News: New Title and Cover Glimpse

We are very pleased to offer you a glimpse of the next JAR Collective publication.

HER FIRST REALITY, DARKNESS is the first in a series of eight interconnected mini novels from Jodi Cleghorn.

This series has its genesis over a decade ago. Known colloquially as “the birthpunk novella”, it had the working title of ENCURSION for several years and will go to press as HER FIRST REALITY, DARKNESS.


“The path of radical responsibility is one of facing the places where our unknowing is a catalyst for destruction.”
~ Alina

On the winter solstice, 51 years ago, snow bloomed red in Manhattan.

Six months later, a quiet epidemic sweeps the island on the hottest day in a century leaving less than 1% of the population clinging to a precarious existence.

Now…

Sylvie O’Brien has made a deal with The City’s most powerful Information Architect: Joseph will provide safe passage off the island in exchange for midwifery services for his wife. The only problem is natural birth is considered a crime against the state and Sylvie is only barely one step ahead of City authorities and the outlawed Deme.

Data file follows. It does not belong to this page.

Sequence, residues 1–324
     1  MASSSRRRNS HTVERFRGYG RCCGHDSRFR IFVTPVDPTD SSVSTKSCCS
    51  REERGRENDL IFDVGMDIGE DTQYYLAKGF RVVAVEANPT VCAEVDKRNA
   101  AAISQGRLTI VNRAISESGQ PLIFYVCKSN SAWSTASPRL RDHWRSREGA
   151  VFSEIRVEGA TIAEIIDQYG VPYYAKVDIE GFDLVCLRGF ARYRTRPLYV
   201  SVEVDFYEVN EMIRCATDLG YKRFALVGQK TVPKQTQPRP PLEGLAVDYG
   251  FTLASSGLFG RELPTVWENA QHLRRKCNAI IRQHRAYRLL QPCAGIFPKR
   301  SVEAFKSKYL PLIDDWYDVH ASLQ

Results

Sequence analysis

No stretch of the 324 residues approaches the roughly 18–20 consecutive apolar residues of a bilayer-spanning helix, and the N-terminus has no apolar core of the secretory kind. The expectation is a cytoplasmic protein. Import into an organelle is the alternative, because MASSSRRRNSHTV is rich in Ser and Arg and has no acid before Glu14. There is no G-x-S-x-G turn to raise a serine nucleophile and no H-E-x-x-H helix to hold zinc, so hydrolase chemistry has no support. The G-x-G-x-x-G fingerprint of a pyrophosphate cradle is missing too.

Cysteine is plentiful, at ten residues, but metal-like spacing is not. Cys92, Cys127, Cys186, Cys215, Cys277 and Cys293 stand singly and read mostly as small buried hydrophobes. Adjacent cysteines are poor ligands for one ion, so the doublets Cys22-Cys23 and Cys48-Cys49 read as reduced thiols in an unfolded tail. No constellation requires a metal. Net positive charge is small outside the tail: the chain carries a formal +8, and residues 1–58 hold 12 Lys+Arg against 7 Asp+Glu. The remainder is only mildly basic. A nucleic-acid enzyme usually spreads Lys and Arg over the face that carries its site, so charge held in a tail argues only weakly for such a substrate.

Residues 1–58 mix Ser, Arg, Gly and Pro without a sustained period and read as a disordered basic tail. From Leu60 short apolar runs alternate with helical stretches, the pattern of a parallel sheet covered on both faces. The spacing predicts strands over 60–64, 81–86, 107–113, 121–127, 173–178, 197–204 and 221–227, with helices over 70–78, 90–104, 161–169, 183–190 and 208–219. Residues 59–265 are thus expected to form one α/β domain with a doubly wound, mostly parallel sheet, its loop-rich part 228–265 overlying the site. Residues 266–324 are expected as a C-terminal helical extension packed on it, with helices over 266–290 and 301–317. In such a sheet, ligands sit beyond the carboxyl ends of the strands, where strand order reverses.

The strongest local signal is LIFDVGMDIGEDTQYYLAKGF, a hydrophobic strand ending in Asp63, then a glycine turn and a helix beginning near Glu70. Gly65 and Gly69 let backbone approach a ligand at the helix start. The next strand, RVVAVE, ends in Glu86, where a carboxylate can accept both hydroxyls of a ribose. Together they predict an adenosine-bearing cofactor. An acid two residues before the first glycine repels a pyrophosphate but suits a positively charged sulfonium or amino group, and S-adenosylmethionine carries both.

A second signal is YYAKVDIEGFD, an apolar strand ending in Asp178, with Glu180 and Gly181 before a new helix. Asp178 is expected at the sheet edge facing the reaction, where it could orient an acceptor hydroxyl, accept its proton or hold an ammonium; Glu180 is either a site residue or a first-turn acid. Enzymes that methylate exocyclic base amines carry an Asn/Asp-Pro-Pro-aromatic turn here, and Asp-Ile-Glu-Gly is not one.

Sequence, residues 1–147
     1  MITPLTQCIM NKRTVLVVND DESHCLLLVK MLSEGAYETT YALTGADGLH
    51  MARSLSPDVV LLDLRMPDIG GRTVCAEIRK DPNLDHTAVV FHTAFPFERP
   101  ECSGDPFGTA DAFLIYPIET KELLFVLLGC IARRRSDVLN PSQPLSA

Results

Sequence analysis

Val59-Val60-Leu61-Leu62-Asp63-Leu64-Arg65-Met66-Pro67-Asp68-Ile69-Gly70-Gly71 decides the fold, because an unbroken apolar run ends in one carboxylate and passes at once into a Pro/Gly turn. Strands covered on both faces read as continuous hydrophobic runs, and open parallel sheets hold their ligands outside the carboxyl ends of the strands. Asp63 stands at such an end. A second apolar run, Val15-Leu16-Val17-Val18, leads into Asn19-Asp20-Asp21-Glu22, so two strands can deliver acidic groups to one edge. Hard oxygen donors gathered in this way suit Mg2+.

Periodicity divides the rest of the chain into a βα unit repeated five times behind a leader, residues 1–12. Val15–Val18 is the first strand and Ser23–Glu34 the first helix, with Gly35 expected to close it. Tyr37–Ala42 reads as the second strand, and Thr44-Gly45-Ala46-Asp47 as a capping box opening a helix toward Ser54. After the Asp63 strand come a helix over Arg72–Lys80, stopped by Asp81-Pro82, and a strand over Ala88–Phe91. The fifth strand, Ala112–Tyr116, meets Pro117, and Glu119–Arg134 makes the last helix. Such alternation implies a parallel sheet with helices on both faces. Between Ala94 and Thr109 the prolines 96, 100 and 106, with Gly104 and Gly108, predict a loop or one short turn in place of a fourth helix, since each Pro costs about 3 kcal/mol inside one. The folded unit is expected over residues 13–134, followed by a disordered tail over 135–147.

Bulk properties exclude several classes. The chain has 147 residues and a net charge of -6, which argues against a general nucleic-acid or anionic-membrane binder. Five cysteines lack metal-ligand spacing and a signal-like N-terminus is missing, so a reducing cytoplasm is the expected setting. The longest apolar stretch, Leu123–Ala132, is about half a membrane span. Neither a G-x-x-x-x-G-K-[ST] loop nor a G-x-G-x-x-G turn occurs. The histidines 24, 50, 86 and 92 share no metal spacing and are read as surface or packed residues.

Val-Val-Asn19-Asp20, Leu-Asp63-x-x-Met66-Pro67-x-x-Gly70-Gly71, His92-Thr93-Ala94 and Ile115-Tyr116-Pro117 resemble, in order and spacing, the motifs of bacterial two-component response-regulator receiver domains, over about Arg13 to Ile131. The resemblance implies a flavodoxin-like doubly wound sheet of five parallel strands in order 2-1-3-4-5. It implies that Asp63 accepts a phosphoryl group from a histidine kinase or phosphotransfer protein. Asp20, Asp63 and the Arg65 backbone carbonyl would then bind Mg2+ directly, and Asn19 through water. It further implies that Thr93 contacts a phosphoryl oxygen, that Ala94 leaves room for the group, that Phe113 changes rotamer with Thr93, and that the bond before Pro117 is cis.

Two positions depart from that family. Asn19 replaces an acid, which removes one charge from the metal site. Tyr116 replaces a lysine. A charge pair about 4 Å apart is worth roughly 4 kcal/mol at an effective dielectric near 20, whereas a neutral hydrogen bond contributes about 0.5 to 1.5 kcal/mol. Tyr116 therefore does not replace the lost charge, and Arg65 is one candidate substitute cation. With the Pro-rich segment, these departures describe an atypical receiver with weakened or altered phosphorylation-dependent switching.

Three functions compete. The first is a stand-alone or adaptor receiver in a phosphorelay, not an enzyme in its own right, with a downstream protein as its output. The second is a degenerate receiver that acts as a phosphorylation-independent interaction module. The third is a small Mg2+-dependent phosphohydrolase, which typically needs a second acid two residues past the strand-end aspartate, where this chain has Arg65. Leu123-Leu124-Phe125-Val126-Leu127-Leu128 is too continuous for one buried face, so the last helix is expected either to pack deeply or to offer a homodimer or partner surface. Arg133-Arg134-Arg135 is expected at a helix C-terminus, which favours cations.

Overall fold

In forgotten parts of the urban landscape, among those who have outlived their reproductive worth, Sylvie finds allies, enemies and the truth of her family’s involvement in the Red Winter.

Can she survive long enough to experience a life beyond the damage of the past? Or is some trauma impossible to outrun and outlive?


The full cover will be revealed on the new moon at the end of the month.

HER FIRST REALITY, DARKNESS launches December, 2019.

Pre-orders and links will be made available soon.

5.3 The Next Story – Rus

Every time I publish a piece of writing with a larger audience, one of the most common questions I hear is “What’s next?”

It’s a loaded question, for sure, especially with Fossil Five releasing to the world in a matter of days. Most people don’t really care about the behind-the-scenes writing I am doing on a daily — sometimes hourly — basis. What they really care about is what I plan on releasing to the public in the near future.